The sea was only ritual, he had Already seen complexity go mad In the asylum, metaphor. He stood From Brooklyn, on the brink Of being, a straw doll blown From Manhattan to Mexico to sink Into that sea where vast deliriums drown.


Behind the stained water of the lucent panes, they Bend their white monotony of prayers,

Their lips turn pages of their meditation,
A life devoted to whispers. Are they Secure from doubt, do work and prayers

Postpone the heretic, Thought, the anemic meditation,
Does that one in gardens, cultivating rows of prayers To the Little Flower, remember Wales or Mayo? They

Are expressionless as gowns, their laughter Faith makes hysteria, deepening meditation.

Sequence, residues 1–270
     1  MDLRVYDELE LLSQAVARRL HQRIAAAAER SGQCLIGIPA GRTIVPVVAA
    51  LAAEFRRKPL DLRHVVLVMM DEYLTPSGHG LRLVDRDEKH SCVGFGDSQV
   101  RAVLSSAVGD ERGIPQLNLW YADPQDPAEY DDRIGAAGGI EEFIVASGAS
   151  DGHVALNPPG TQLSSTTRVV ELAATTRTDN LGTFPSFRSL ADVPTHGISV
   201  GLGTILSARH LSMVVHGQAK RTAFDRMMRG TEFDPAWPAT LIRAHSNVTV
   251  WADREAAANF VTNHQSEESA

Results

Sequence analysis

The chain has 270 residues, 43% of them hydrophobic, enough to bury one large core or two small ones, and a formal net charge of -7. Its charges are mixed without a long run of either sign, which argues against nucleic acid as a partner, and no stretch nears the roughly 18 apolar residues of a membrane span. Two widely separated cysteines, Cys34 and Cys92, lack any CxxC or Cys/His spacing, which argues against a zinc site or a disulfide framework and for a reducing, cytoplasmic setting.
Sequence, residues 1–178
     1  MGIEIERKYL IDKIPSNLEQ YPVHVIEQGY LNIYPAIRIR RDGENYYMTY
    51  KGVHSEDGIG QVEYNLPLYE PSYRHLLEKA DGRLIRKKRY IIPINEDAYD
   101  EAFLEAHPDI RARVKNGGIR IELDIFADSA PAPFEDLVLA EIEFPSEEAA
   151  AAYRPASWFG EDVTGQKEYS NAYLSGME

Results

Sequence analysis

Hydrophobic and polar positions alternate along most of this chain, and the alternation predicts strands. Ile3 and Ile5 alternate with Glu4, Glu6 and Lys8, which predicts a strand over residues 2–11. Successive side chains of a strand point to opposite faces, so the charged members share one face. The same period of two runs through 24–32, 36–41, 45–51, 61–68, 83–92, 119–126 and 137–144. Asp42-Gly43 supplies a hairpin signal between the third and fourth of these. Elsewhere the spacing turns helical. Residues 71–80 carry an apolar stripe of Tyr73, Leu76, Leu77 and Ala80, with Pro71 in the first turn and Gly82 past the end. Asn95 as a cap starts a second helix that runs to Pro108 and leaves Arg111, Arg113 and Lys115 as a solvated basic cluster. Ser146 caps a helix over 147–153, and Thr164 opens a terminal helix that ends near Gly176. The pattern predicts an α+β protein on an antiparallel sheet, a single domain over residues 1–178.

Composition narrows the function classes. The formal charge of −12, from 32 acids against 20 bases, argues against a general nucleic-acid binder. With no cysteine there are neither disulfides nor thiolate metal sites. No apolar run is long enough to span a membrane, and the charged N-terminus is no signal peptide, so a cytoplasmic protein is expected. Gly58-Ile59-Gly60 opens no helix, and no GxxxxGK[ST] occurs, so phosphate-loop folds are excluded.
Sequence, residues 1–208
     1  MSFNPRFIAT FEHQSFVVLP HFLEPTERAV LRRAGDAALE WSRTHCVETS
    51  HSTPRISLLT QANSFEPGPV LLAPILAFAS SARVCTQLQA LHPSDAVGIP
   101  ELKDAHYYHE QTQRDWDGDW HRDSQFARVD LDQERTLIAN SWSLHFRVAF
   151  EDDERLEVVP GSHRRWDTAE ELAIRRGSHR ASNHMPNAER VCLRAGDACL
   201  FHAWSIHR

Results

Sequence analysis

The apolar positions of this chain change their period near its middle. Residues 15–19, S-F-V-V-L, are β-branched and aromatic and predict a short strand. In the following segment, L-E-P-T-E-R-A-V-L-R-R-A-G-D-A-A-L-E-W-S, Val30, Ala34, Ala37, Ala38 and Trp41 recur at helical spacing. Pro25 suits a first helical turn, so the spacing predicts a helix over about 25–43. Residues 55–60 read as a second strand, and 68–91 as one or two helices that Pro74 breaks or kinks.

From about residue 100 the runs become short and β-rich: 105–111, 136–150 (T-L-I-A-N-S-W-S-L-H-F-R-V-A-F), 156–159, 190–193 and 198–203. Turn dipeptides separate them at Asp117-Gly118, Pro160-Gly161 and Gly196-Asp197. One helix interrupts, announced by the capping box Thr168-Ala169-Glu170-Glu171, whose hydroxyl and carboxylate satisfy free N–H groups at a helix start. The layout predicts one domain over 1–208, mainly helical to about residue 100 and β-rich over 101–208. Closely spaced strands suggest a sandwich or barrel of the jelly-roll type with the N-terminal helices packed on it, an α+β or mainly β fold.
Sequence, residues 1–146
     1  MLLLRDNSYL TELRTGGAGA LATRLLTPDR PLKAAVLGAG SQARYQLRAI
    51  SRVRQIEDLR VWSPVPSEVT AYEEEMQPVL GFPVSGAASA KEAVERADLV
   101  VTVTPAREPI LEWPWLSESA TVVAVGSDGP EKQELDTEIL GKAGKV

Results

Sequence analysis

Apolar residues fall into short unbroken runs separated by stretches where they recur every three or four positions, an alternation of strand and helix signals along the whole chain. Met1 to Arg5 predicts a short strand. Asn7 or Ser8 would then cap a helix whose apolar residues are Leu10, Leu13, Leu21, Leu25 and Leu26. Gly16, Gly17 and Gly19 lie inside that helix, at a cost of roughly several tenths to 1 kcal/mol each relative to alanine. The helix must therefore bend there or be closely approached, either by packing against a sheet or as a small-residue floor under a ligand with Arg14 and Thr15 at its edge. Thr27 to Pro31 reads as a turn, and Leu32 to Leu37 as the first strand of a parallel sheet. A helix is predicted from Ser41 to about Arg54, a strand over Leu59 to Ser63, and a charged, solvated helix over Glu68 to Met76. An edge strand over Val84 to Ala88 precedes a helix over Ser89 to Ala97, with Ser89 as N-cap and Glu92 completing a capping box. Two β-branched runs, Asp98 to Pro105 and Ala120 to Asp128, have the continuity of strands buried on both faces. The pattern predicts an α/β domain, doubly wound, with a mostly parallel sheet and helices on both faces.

Early to rise and hard to die, does the bell's cracked faith Weary or win, do the young nun's prayers

Offend the wrinkled sister who clucks at meditation As interrupting cooking? O how assured are they?

Admirable sacrifice, since they are human, that they Young in direction, bend sapling strong to faith,

Faith. A worn carpet under an old nun's feet, and prayers A novice's candle nervous with meditation.


The peanut barrows whistle, and the ladies with perfumes And prophylactics included in the expenses Hiss in a minor key, the desperate think of rooms
Walking near parks, where the trees, wearing white socks Shake over the illicit liaison under the leaves,
Have still to be tested, and stores shut up their eyes At the beggars and hoodlums, when the skin breaks From the city and the owls, and maggots and lice,
THE WRATH OF GOD flames like a neon sign on railings, they Scatter their cargo of sleepless fleas,